Outrageous Fortune begins with Jonny X67’s house having been stolen while he was at work designing dreams. Not robbed, not broken into, the entire house has been taken away.

All that is left is a business card, dropped by the thieves, that says “Don’t you hate it when this happens?” and a phone number.

From out of the sky drops a relentless encyclopedia saleswoman, who has jumped from an helicopter. Seems she knew he would be vulnerable at that moment, and is going for a big sale. Things get more bizarre from there.

Jonny must get his house, and his life, back from wherever it has gone. But first, he meets up with his friend, Mat, at a favorite bar of theirs called “The Most Inconvenient Bar in the World”, a name it lives up to.

Before they can sort things out, four motorcycle riders smash into the bar, trash the place, and kidnap Jonny. They want him to assassinate God for them. Jonny spends the rest of the book unraveling the mysteries about just how and why he is in this situation in the first place, while also trying to figure out a semi-supressed memory he is carrying concerning the death of a close friend.

The world this takes place in is complex and imaginative, and seems like something that could possibly happen, someday. Record companies have become so powerful that they have taken the place of government, so now instead of towns, there are places named “Classical” or “Jazz”.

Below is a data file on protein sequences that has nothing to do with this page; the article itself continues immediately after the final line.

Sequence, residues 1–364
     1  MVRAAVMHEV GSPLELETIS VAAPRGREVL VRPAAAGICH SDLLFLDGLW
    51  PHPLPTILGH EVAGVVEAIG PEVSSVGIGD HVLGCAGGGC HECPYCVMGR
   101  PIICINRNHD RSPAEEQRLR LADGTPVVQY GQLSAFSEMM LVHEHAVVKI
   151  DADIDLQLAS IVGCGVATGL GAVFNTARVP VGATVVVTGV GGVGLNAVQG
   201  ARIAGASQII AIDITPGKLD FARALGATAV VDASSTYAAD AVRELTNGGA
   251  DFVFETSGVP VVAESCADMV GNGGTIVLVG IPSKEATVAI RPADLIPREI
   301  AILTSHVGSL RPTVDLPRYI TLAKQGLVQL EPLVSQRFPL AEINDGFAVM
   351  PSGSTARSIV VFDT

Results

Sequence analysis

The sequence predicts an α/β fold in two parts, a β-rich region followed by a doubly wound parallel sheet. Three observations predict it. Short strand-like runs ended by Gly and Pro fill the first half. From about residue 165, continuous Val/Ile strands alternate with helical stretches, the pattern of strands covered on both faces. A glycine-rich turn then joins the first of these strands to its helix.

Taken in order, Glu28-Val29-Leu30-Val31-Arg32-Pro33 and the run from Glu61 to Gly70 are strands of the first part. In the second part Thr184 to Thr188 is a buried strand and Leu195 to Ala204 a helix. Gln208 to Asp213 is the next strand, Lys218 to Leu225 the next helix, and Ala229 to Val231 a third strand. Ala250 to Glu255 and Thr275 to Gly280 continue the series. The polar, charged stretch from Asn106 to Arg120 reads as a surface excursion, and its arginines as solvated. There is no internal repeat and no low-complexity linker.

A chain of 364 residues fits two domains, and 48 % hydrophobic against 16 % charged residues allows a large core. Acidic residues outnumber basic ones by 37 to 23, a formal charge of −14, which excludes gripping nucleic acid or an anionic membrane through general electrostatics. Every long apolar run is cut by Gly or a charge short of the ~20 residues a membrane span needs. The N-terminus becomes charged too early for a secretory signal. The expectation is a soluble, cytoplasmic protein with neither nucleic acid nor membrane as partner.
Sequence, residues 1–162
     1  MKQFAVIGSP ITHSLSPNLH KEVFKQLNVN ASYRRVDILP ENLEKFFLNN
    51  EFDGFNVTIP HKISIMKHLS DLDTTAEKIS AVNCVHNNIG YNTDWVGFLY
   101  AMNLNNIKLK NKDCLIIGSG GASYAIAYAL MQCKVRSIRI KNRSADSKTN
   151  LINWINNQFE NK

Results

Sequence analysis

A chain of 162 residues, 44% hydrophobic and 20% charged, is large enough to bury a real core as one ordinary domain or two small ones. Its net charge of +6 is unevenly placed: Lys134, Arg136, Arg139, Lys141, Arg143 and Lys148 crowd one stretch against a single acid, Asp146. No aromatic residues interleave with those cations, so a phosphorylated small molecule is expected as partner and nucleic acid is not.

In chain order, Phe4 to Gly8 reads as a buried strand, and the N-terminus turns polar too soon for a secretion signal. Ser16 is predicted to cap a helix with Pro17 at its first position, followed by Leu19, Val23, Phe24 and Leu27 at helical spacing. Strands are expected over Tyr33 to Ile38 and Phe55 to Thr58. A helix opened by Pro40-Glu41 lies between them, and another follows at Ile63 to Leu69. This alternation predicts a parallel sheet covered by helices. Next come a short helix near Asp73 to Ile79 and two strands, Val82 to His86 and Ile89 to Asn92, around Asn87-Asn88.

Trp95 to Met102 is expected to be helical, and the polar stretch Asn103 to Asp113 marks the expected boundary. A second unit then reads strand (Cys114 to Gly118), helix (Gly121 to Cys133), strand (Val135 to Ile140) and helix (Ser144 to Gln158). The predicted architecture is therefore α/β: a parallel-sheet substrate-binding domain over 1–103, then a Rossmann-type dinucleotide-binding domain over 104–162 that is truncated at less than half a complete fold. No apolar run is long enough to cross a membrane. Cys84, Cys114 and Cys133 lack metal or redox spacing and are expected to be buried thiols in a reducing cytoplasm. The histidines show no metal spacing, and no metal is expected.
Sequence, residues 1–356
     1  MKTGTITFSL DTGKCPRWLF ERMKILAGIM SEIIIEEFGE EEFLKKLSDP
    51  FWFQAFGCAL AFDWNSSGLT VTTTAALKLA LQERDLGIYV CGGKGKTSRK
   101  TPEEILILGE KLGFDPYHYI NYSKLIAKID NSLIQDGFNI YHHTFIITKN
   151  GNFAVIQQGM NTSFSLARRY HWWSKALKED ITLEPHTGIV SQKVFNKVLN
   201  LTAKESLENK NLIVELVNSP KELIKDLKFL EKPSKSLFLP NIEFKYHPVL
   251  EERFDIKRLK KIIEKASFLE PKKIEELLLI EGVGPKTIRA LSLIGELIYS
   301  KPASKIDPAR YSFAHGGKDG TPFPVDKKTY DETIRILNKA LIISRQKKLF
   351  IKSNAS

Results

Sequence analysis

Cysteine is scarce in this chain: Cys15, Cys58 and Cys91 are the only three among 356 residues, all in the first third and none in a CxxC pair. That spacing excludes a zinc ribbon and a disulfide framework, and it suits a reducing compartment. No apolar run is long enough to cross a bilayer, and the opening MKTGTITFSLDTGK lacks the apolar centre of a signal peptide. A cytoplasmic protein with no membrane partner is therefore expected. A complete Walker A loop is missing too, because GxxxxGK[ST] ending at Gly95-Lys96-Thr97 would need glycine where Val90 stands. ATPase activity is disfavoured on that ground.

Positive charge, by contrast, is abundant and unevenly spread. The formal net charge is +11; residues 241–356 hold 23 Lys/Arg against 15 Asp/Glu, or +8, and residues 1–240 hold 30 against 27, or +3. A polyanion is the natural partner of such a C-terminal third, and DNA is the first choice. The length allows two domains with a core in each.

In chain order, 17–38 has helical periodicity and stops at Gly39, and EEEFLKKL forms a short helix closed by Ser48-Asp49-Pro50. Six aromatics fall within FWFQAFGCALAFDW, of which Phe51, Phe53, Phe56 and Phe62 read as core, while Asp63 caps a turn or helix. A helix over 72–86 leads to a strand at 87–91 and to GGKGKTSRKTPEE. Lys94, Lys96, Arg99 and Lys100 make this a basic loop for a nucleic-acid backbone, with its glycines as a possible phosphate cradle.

People live in the zone named for the music they enjoy the best, with others who have the same interest, and everything around them is tailored to suit this interest. Jonny lives in “Chillout” and hates both “Compilation” – where he feels people choose to live when they aren’t good at making decisions – and “Christmas Single” – which he feels is just plain ridiculous.

The police who were once in charge of traffic have become powerful enough to now be in charge of everything. People have phones embedded in their wrists with little jacks that they use pay for everything simply by connecting a wire into the jack. Faster than credit cards.

Elevators are sentient, and want to tell you the same stupid joke that is going around. Soda machines walk around hallways of businesses. Pop up ads have become holograms, that can appear out of thin air anywhere at all, not just on your computer screen.

The world is elaborate enough for me to want to go visit for a while.  I found myself wondering about the intricacies of the world in this book when I was bored at work. Fans of bizarre fiction will enjoy this book. It has a Douglas Adams sort of vibe going on.

This book review of Outrageous Fortune – by Tim Scott is a post written by Jen Thorpe on Book of Jen and is not allowed to be copied to other sites.

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